As the environmentalist pointed out, Spain is not a lawless country, “We have plenty of laws to protect us,” he said, “the problem is enforcement.” The farmers know it is illegal but drill anyway knowing nobody will pursue them. Would it really be any different over fishing quotas? I can’t say for sure but I know what I surmise.
Yet just how wrong are the Spanish to land illegally small fish and then sell them in the markets? A couple of years ago we witnessed TV news pictures of British fishermen throwing tons of Monkfish over the side because there was ban on fishing for the species. They were dead anyway, so why not use them? The waste was tragic and not only for the fish.
No Spanish housewife would waste a thing. The spectacular monkfish head and many other tiny fish are sold to go into soup. Super-fresh Mackerel, called “Barat” here, (Catalan for “cheap”) will make a delicious meal for 1 Euro. All a rare sight in Britain.
If it is impossible for fishermen to select precisely what they catch then surely we return to the issue of fishery control, rather than specific quotas. It is worth remembering that unlike farmers, fishermen only take; they put nothing into the ecosystem that supports them. In fact the reverse is true with bottom trawls damaging the sea floor environment and undersea radar skewing the odds irrevocably against the fish. Rather than controlling fish types, perhaps the answer is to control fishermen and fishing more effectively but how?
As with energy, will price do it? By limiting the vessels but allowing them to land what they like, the market would be self limiting in fish-shy Britain but I doubt that it would stop the Spanish or other Mediterranean fleets. Fresh local fish already fetches a higher price than most UK households would tolerate. Spanish women pay prices that are enough to put me off for the every day meal, yet hey buy daily and somehow feed the whole family.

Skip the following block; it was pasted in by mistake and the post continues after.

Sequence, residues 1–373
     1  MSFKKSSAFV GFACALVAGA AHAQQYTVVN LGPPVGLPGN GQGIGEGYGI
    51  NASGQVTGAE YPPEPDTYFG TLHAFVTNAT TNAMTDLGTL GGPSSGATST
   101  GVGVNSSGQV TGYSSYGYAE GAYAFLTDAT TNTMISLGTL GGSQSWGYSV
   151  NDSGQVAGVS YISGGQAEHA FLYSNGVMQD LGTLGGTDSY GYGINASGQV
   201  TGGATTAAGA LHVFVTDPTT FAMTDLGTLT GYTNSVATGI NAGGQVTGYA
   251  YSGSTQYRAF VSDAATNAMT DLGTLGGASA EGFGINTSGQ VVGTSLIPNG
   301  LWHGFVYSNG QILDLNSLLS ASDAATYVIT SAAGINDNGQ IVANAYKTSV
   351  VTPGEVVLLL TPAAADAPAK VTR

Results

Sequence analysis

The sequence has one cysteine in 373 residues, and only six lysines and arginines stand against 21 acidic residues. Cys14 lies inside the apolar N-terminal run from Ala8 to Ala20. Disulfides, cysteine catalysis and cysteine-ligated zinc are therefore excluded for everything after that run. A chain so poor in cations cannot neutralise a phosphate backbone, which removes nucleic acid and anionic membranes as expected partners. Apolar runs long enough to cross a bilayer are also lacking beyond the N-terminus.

In a week that saw the World Wildlife Fund launch a campaign to boycott Mediterranean Bluefin Tuna, the Spanish, French and Italians renewed pressure to restart the fishing of this endangered species. This is business and politics over science and exactly what got us to where we are now.
The Spanish say they want to expand their fishing fleets by 20% in the coming year at exactly the time that some large fisheries in the UK industry hinted at progress by applying for membership of the Marine Stewardship Council.
Perhaps here lies the answer. It should be compulsory to be a member of this or another agreed environmentally sustainable scheme in order to qualify for a licence to fish at all. Of course Euro MPs will strive to protect their member states against regulation, as in all things.
The great irony is that the controversial EU constitution and a defacto, “President,” was an attempt to create a single voice and authority and so prevent the promotion of individual national interests at the expense of the whole. As things stand, protectionist agendas continue to affect many areas of EU legislation from airline pilot’s working hours to farming.
In the case of fisheries however, it is not only profits that are at risk. Without workable controls some fish species will resolve the problem for us by simply collapsing altogether.